Going beyond the Five Senses
Most health practitioners admit to occasionally experiencing intuitive moments when they are able to “sense” things that normally cannot be perceived through the standard five senses. A relatively small percentage of gifted individuals learn how to cultivate this expanded awareness sensing skill so they can access it at any time. However, the majority of practitioners remain unable to access this innate ability, simply because they do not know that it is possible.
Heightened awareness of primal responses enables a practitioner to recognize when their nervous system is reacting to significant forms of stimuli that are too subtle to be perceived via the standard 5 senses. During the 1980’s investigators began to examine this sensing phenomenon from a psycho-physiological point of view. The remarkable outcome of this research yielded information demonstrating that most individuals, when taught how to do so, can rapidly expand their range of awareness, at will. The Access Technique evolved out this research.
It is well known that the nervous system DETECTS far more stimuli than an individual is AWARE of.
Homeostasis is as an excellent example of the nervous system’s ability to detect and respond to subtle internal stimuli outside of (conscious) awareness. Contemporary research now acknowledges that the nervous system also detects and responds to “ultra-weak” forms of external stimuli outside of awareness.
In the following example, an EEG was used to monitor a practitioner’s brainwave activity as he passed his hand over a subject’s body with no direct contact. Figure 1 reflects general brainwave activity throughout most of the scan. Figure 2 displays a sudden change in brainwave activity that took place when the practitioner passed his hand over a specific symptomatic area on the subject’s back.
EEG Graph Courtesy of Dr. Ken Vinton
It is significant to note that the practitioner was not (consciously) aware of any change in tactile sensations in his hand as it passed over the area. Similarly, the practitioner was not aware of the abrupt brain wave responses his nervous system produced each time his hand passed over the area.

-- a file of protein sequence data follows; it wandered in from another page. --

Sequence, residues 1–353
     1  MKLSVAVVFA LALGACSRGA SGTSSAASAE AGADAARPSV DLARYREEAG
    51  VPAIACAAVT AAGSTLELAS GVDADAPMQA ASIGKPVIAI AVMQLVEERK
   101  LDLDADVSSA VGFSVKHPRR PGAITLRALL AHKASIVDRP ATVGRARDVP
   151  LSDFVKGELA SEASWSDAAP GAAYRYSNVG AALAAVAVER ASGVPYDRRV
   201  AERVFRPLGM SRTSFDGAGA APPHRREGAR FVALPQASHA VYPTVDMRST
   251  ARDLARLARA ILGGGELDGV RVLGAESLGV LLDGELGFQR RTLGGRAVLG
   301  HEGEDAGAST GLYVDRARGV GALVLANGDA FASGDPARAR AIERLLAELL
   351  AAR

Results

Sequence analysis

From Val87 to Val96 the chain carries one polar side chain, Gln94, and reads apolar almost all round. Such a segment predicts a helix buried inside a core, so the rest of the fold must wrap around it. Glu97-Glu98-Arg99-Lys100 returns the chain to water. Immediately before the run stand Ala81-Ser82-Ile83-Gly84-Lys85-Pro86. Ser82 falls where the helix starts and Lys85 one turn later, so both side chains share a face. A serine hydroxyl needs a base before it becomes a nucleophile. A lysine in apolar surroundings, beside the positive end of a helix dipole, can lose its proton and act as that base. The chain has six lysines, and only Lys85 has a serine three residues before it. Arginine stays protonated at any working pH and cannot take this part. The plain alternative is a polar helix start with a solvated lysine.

During palpation, your nervous system typically detects a mixture of 1) “standard” (conscious) stimuli and, 2) “ultra-weak” (non-conscious) stimuli. Your nervous system responds differently to each of these two types of stimuli.
When your nervous system detects standard stimuli (via palpation), it responds by producing “hand- based” tactile sensations which you are aware of, AND subtle autonomic and central nervous system responses which you are not aware of.
Instead, the nervous system responds to ultra-weak stimuli by producing a variety of autonomic nervous system (ANS) responses and central nervous system (CNS) reactions. These responses may involve changes in brainwave activity; heart rate; muscle tone; respiration; sudomotor activity, and other “primal responses.”
Traditionally, practitioners have been taught to focus their attention (exclusively) on “hand-based” sensations/responses that are produced during palpation. This conventional approach does not take into account the subtle ANS/CNS responses that are also produced during palpation. By overlooking these primal responses, the mainstream method limits a practitioner’s access to subtler (and often more accurate) ranges of information.
Using the Access approach, the practitioner directs his/her attention away from “hand-based” sensations and focuses it on specific ANS/CNS responses that are produced as they palpate. In this approach, the hand is used to collect information, but the responses are experienced in the examiner’s body. Heightened awareness of ANS/CNS responses enables a practitioner to recognize when their nervous system is reacting to significant forms of stimuli that are too subtle to be perceived via the standard five senses.
In the Access Technique, practitioners are guided through a series of exercises that rapidly develop sensitivity to specific ANS/CNS responses. Once an individual gains a basic awareness of certain primal responses, they become able to sense when their nervous system is responding to important types of “ultra-weak” stimuli (i.e., stimuli that are detected outside of the “normal” range of perception). This primal sensing ability enables a practitioner to know when their nervous system is detecting subtle changes in a patient’s physiology that are imperceptible to the standard five senses.
Next, practitioners begin working with “enhancing tools.” These specialized electronic teaching tools, developed by the Access research team, assist a practitioner to sustain a heightened awareness of subtle ANS/CNS responses over long periods of time. At this point, a practitioner is well prepared to start incorporating extended awareness skills into assessment and treatment procedures. Extended awareness skills enable a practitioner to significantly increase the specificity of most therapeutic approaches. The Access Technique favors the use of low force adjustments and the ArthroStim® instrument by IMPAC.
In the past, only a small percentage of individuals successfully developed the ability to access subtler ranges of their own nervous system’s inherent sensitivity. Contemporary insights and modern enhancing tools now make it possible for most individuals to develop operational primal perception skills in a single weekend.
Visit www.AccessWorkshop.com for further information about the Access Technique!